I think it's a very good metrics, because if you're good on that, it can't really save you a lot of trouble, especially for the, the upper management time for fixing technical issues at operational efficiency. So how long does it take, if you have an incident to get it solved in average, how long does it take you to, to, to do a change, fulfill the change request? Maybe you, you group it into types of change requests, depending on what you do. What is the workload for running a system? So do you need, I, I think we have, we have one customer which has some, some 40 or more production servers for certain parts of this IGA environment. And others might have four. Then the question is, how good is this? And at the end, it means, okay, if you're well above the standard, how can you fix it?
What can you do to improve it? Because again, matrix are relevant to do, to, to improve. This is the, the purpose of it. So not only collect it, but take actions on that. And it's this, the right matrixes baseline collection. And then you do a continuous improvement. And again, try to work with relatively few of these, but understand what really helps you. This is where we started at the first slide, select the right matrix, which provide you the required insight, which you need and which you are able to measure. I think these are two things. So, so look at it, define your targets, what you want to measure, think about how you could measure it and whether delivers value to it. And this how to measure is a very important point, because when you spend too much time on measuring, then you have a miserable KPI for your KPI, so to speak.
And that doesn't make sense. So you should also have a good KPI for, for your KPI and care. I management, you need to create a baseline. This is what, what most frequently is forgotten. Honestly, this is where, where the things really fail. You start your KPI. And K I process when you're half a year into your program, because then someone started saying, okay, where we are. Can you prove that you spend the money? Well, then you're too late because you can't fix it anymore. So it's extremely important to make this a standard methodology, a standard concept in what you are doing to start when you start with whatever you do, whatever level do it as early as you can, because otherwise you'll not be able to demonstrate full success. You, if you start later, you can say, okay, from here on, we've made progress, but that still leaves a little bit, this, this open.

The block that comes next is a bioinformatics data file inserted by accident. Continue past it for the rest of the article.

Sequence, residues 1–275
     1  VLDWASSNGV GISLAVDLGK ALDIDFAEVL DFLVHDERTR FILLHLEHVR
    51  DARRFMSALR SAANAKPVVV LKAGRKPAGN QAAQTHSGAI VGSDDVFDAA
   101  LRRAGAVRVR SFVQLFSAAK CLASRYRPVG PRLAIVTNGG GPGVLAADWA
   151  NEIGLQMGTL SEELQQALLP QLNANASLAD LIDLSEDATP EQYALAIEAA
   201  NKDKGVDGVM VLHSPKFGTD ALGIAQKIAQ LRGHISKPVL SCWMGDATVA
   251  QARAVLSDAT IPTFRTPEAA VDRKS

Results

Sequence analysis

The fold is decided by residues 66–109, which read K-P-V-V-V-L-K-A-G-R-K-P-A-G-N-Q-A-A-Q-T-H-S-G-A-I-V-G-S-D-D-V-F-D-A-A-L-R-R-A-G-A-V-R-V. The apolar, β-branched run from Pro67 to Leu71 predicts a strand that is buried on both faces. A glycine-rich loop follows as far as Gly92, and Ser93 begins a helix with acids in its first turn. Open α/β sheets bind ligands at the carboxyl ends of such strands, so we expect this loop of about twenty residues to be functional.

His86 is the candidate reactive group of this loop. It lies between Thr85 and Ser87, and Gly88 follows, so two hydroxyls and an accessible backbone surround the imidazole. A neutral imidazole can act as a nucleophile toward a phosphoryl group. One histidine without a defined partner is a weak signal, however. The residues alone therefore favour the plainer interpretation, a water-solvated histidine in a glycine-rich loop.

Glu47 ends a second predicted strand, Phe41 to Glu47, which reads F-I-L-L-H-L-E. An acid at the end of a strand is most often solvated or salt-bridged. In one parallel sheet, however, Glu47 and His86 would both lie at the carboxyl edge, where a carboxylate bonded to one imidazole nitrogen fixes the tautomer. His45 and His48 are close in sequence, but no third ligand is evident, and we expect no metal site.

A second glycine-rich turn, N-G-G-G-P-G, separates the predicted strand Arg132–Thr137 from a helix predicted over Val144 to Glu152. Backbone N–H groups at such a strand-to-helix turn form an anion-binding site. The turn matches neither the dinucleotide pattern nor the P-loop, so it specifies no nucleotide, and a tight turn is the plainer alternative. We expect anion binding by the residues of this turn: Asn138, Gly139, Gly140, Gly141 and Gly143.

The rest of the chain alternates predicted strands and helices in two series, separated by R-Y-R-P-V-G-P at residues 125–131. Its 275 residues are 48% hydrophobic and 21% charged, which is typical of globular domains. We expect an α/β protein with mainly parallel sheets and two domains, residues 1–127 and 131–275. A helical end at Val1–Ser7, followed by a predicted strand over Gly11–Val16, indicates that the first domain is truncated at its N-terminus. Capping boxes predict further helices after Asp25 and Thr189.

So, so you have still a little bit of an attack surface for, towards your, your management saying, okay, but yes, you got better now, but what did you do the first year? Do it continuously in a meaningful interval. And as I said, do it with things you can gather easily schedule basis performance. So risk is probably more continuous for many areas than, than performance strategy, larger in the walls. So otherwise chart in the walls have a standard reporting on that. An easy one is to understand really is a little bit dashboard. Like, so managers like dashboards have one look at it. I maybe managers don't like them. I don't know exactly vendors like dashboards. I have to say, because everyone is, is doing a demon saying, oh, we have to cool dashboard thing here. And then I say, okay, can you drill down? Sometimes they say yes. Sometimes they say no, if you can't drill down, forget about it. Because at the end, you always want to go into the details anyway, but come up with something, they, they understand easily. One. You always have to understand that manager have a relatively low span of attention.
So they, they need to, to understand on, on the first perspective, they need to understand, oh, we, Dave got better. I don't need to care about them. This is the thing you should achieve. They look at it and say, oh, great progress. I can't spend my time on something else. If, if your, if your report delivers that message, you're halfway through, unless you're faking too much, never trust the statistics, you didn't fake yourself. You also need me to prepare, be prepared for reporting. So something is going wrong and then say, Hey, this is not working. And then you need to say, okay, yes, it's working. It can show you. And then think about your metrics. Learn about yourself again, improvement, improve not only biometrics, but improve your metrics as well. Your approaching care and KPIs. It's not static.
So a little bit more on the slide. Again, I, I would say there there's some for identity management, there there's some guiding principles you can apply from, from strategy to project, to operations. So who is responsible it's for strategy, the IM lead the IM program lead then for the project or programs and the operations lead. You have recipients. So on strategy, you commonly report to CIO, CSO, the project lead to the IM lead and the steering committee. And so on. I don't need, don't want to, to, to talk out everything or read out everything, but at the end, yeah, it's always a strategic level, project delivery, efficiency, effect, effectiveness, and operations.